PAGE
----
Peruvian Balsam (Myroxylon Pereirae Syn. M. Balsamum) Overview, Health Benefits, Side effects

Peruvian Balsam (Myroxylon Pereirae Syn. M. Balsamum) Overview, Health Benefits, Side effects


Peruvian Balsam (Myroxylon Pereirae Syn. M. Balsamum) Overview


Peruvian Balsam (Myroxylon Pereirae Syn. M. Balsamum) other names: Balsam, Balsam of Peru, Balsam Peru, Bálsamo del Perú, Balsamum Peruvianum, Baume du Pérou, Baume Péruvien, Baume de San Salvador, Black Balsam, Indian Balsam, Myrospermum pereirae, Myroxylon balsamum var. pereirae, Myroxylon pereirae, Peruvian Balsam, Toluifera pereirae.

Peruvian Balsam (Myroxylon Pereirae Syn. M. Balsamum) Overview, Health Benefits, Side effects
Peruvian Balsam (Myroxylon Pereirae Syn. M. Balsamum) image


Peruvian balsam is an evergreen tree that grows up to a height of 50 feet (15 meters). The bark of Peruvian balsam (botanical name, Myroxylon pereirae belonging to genus Myroxylon) is gray and it bears compound leaves that are speckled with oil glands. Peruvian balsam, a member of the ‘bean' family, produces white flowers similar to those of the pea and the seed pods have a yellow hue.

As the name of the plant suggests, peruvian balsam is native to South and Central America, especially Panama, Mexico and Jamaica, and it grows naturally in the tropical forests. Presently, this plant is also cultivated in several countries in South and Central America, western Africa, India and Sri Lanka. The species bears fragrant white flowers, while its leaves are evergreen, denoting that the trees have leaves all through the year. Peruvian balsam exudes a dense, fragrant and reddish-brown resin or gum from the bruised bark of its trunk. The gum or balsam is collected, made softer and distilled by means of a process that includes thawing and boiling. Freshly collected resin of the tree has a potent aroma that is similar to that of benzoin or vanilla.

While Peruvian balsam prospers mainly in El Salvador, in the area along the coasts of the Pacific Ocean known as the Balsam Coast, this magnificent species is generally known as the balsam of Peru. In effect, the confusing geographical name to the species was given way back in 16th century, as the Spanish shipped the dense resin (balsam) of the tree from the ports in Peru to Europe. Presently, Peruvian balsam is found growing in wild all over most regions of Central America, in the southern regions of Mexico as well as in areas of northern South America.

Peruvian balsam may be grown without any difficulty from its seeds or cuttings. This species is occasionally cultivated in places having tropical climatic conditions in the form of a shade tree and is frequently grown on coffee plantations for shade. On an average, Peruvian balsam grows up to a height of 50 to 65 feet, but sometimes it also grows much higher. The evergreen leaves of the tree are divided into shiny, oblong-shaped or oval leaflets, each measuring about two inches to 3.5 inches in length. Each leaflet of the tree is sprinkled with tiny, transparent specks.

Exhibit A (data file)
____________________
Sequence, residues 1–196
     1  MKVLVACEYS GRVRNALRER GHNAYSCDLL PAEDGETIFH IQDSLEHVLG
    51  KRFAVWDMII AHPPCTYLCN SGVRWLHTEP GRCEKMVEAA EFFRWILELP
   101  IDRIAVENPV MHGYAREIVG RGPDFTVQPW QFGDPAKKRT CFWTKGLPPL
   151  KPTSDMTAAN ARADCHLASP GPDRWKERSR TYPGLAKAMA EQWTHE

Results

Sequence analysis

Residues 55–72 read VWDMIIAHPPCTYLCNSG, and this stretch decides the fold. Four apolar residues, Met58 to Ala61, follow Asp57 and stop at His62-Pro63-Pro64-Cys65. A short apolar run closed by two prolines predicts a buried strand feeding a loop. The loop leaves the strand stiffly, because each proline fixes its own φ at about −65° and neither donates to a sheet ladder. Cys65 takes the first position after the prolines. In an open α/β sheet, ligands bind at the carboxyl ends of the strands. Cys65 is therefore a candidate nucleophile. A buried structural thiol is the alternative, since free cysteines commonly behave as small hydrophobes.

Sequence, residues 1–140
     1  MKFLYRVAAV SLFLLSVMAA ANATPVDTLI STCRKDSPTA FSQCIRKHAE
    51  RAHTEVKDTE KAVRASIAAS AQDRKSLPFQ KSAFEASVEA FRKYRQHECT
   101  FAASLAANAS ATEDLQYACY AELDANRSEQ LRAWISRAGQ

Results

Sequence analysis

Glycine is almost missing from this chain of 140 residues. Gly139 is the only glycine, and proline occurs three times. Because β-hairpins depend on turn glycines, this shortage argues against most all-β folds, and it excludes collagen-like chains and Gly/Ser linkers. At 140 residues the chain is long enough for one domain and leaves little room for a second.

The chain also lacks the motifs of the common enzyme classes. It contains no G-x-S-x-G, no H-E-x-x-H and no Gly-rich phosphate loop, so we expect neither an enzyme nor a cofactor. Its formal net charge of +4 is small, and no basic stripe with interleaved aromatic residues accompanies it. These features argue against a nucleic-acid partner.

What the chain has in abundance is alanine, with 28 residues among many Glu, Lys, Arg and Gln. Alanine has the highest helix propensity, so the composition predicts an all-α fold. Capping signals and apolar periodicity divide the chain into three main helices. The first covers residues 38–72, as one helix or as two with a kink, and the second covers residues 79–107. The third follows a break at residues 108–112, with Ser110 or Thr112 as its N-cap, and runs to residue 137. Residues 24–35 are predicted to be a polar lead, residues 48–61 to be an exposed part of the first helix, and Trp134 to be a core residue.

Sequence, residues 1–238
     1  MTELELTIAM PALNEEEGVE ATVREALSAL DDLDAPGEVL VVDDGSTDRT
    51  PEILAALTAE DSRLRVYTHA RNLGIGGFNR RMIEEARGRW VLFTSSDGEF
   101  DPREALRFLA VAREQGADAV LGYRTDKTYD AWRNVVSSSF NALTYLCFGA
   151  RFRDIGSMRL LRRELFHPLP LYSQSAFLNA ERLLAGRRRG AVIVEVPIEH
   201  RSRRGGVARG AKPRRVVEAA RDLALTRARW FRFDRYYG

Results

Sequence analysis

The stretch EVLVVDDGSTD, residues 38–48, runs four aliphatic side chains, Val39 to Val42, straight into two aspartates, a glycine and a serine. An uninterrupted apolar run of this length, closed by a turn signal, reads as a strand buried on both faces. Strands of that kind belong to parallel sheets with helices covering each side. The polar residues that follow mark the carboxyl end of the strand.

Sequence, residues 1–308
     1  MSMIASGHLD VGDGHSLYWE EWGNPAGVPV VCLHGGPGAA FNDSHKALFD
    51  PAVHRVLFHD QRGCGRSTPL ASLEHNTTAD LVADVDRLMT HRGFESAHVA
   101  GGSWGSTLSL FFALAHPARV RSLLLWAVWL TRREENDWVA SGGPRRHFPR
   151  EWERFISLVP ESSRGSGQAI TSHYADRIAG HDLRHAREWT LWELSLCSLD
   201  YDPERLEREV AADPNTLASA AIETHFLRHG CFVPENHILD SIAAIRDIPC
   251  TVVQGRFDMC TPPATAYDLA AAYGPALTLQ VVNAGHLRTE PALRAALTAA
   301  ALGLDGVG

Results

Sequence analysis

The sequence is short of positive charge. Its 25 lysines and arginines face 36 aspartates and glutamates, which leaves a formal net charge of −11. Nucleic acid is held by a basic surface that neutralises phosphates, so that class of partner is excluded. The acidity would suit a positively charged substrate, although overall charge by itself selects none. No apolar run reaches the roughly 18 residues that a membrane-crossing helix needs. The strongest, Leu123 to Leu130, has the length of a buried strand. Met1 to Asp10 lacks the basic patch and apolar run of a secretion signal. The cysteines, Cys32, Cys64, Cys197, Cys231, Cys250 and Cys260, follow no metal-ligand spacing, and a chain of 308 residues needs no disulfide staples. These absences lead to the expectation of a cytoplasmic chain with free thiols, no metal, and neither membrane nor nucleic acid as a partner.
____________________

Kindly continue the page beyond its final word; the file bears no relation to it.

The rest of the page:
However, the commercial value of Peruvian balsam is not owing to its leaves, flowers or magnificence. On the contrary, it is the balsam or mastic - the dense, pleasantly aromatic resin (in effect, when fresh its smell resembles cinnamon and vanilla when mature) exuded by the trunk of the tree, which people have sought after for several centuries. Native Indians inhabiting Central and South America, counting the powerful Incas who ruled over Peru, were aware that the balsam or resin was useful in stopping haemorrhages as well as healing wounds, cuts and burns. In addition, members of the Incas tribe also employed the leaves of Peruvian balsam in the form of a diuretic as well as to force out parasitic worms from the body. Early settlers from Spain came to learn about the therapeutic properties of Peruvian balsam from the Native American Indians and were quick to identify the tree as a potentially profitable item of trade and, hence, started shipping the trees home.

Presently, the commerce in balsam is robust. The resin is used as an active ingredient in several fungicidal and antiseptic balms that are used to treat various skin ailments or complaints like scabies (an itching attributed to parasitic mites) and ringworms (a fungal contagion). The resin forms an important component in dental cements as well as in suppositories that are commercially available in the United States to ease itching caused by hemorrhoids. In addition, Peruvian balsam is also used to add essence to cough drops as well as to scent toiletry items.

It is believed that the Peruvian balsam has been named so since the balsam or resin of the tree was initially shipped from Callao in Peru to Spain; and since then, balsam as well as the essential oils enclosed by it have been employed to add essence to soft drinks, foods, and chewing gum. Even since the period when the Incas ruled over Peru, Peruvians have employed balsam to ease fevers, bronchitis, colds and coughs as well as to treat inflammation of the pharynx and mouth and any propensity to develop infections.